No, we do not intend to preach a Gospel that does violence to others but a Gospel of love which binds us together in the harmony of God's community. We shall invite with our actions of care and hospitality. We shall gather God's people in through actions which incarnate the Gospel of Jesus Christ. 

I do believe in judgement; it happens every day. But I will tell you that I wish to be judged on the love and the kindness I show to my fellow man. I wish to be judged on the Gospel of love which invites all into God's heavenly embrace. I wish to sit at the table with the good and the bad, the old and the young, people of every color and people of every language.  After all...aren't those always the very best dinner parties?

Some Thoughts on Philippians 4:1-13


"Paul's concern is unity in the church, which can only arise once we recognize our redemption as coworkers for the Lord, giving us a spirit of gentleness, and thereby turning our sight from earthly matters that lead to petty squabbles, derision, and anxiety. Only then can we experience the peace that transcends all understanding."
Commentary, Philippians 4:4-7, Jacob Myers, Preaching This Week,WorkingPreacher.org, 2012.

"But Paul sees a different reality alongside the violence and duplicity of Rome. The small and struggling Christian congregation in the Roman colony of Philippi is itself a kind of 'colony,' a separate polis with a more powerful Lord who alone has defeated death."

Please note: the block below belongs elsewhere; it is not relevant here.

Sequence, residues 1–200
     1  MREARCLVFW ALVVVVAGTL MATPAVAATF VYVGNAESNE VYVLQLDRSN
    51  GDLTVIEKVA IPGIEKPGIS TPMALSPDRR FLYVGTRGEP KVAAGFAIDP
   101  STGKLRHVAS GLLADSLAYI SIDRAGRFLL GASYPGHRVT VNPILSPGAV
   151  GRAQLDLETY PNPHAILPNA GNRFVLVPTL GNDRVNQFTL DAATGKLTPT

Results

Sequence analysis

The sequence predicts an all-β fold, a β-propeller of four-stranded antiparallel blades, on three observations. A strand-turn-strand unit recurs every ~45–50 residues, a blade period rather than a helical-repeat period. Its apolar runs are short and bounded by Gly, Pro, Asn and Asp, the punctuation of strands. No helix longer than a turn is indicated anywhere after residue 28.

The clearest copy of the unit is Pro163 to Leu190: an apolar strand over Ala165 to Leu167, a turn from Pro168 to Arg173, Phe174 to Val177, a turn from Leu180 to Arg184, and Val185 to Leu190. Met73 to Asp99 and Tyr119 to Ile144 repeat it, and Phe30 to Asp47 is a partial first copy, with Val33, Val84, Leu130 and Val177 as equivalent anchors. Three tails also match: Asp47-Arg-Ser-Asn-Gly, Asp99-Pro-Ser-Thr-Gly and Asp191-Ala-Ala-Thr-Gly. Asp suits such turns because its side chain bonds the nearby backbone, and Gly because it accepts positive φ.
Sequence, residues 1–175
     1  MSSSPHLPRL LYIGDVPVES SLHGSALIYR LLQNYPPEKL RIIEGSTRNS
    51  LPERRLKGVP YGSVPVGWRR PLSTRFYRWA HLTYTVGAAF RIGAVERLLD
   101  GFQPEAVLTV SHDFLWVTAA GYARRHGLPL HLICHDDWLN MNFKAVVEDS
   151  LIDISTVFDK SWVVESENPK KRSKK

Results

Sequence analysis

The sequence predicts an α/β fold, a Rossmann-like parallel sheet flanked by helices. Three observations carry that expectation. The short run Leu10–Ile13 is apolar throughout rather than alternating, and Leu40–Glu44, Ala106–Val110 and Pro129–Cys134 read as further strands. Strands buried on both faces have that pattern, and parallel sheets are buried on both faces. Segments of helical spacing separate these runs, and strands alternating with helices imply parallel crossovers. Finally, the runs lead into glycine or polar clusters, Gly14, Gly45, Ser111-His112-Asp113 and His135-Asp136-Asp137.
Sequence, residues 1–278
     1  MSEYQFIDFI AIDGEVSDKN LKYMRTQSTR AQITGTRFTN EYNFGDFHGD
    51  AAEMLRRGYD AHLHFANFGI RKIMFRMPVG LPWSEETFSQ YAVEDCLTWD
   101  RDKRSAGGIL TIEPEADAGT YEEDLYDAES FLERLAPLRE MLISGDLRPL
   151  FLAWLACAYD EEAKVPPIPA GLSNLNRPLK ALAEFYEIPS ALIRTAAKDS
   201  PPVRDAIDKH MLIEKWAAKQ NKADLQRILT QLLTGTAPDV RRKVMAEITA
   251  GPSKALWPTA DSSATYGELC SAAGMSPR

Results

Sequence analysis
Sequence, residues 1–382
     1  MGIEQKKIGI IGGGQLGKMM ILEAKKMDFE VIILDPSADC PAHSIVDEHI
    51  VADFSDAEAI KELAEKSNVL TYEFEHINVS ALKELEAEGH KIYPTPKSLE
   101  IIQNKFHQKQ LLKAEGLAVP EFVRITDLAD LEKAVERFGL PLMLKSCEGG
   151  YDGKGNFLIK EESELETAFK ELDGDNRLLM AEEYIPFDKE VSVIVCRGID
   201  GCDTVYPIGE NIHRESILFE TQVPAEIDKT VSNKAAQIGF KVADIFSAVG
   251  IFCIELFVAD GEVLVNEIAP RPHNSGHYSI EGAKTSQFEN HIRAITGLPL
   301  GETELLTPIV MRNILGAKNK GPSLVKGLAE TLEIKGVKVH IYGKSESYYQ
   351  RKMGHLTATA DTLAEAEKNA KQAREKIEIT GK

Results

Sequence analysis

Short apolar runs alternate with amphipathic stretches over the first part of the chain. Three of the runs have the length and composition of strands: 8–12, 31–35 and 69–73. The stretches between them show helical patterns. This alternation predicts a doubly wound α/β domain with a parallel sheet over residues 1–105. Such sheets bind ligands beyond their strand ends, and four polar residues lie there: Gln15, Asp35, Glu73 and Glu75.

Commentary, Philippians 4:1-9, Susan Eastman, Preaching This Week,WorkingPreacher.org, 2011.


Paul takes a bit of time with the Philippians to warn them of the trouble with appetites that will derail their pilgrimage with Christ.  So he comes now back to the intention of these last verses which is to draw the letter to a close. BUT he just can't bring himself to do it. So again he brings up a concern.

There are two individuals in the community Euodia and Syntyche and they don't agree about their understanding of a life lived following Christ. Sound familiar?!?  Moreover, their dispute is causing division in the community. REALLY! I hope you are reading my sarcasm here...  People are not agreeing with one another and then causing a division.  We don't know which one is the loyal or faithful person but we do know that Paul believes this is problematic for the mission.  Division is problematic and reconciliation is essential.

So Paul closes the letter reminding them of the need for gentleness and kindness, thanksgiving and peace.  God will be faithful in helping them through their divisions and trials. God will come soon. (Paul still believes at the time of this writing that God's second coming is approaching quickly.)  He blesses them and challenges them to be faithful.

This is apostolic leadership. The apostle rises above the division. In an non anxious way he points out with clarity that mission is the most important thing. He reminds them of their personal and individual journey with Christ and how this is important. Then he points out who it is that is causing problems and calls them to be unified. He challenges them to be reconciled one to another so that the mission may be undertaken with faithfulness.  And the apostle raises before the community their call to unity and mission over and above those who are divided. 

No matter what the division is, for too long we as leaders have been on the ground mucking it up instead of being the apostolic leaders we are intended to be.  I'd love to see a unified and prophetic voice rise up from leadership across every church and every denomination with a vision for evangelism and the cause of Christ - over and above the shouting, raising fists, and prophecy bent on dividing the people of God. Now that would be  reformation worth listening for!